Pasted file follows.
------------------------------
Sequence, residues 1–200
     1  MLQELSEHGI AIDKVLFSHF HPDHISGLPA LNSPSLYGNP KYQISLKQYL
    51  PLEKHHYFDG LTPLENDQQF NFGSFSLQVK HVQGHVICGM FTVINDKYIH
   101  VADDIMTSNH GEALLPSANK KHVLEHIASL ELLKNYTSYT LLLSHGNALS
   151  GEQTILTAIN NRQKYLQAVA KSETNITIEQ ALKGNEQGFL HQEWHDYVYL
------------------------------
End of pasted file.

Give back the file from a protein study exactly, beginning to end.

Sequence, residues 1–200
     1  MLQELSEHGI AIDKVLFSHF HPDHISGLPA LNSPSLYGNP KYQISLKQYL
    51  PLEKHHYFDG LTPLENDQQF NFGSFSLQVK HVQGHVICGM FTVINDKYIH
   101  VADDIMTSNH GEALLPSANK KHVLEHIASL ELLKNYTSYT LLLSHGNALS
   151  GEQTILTAIN NRQKYLQAVA KSETNITIEQ ALKGNEQGFL HQEWHDYVYL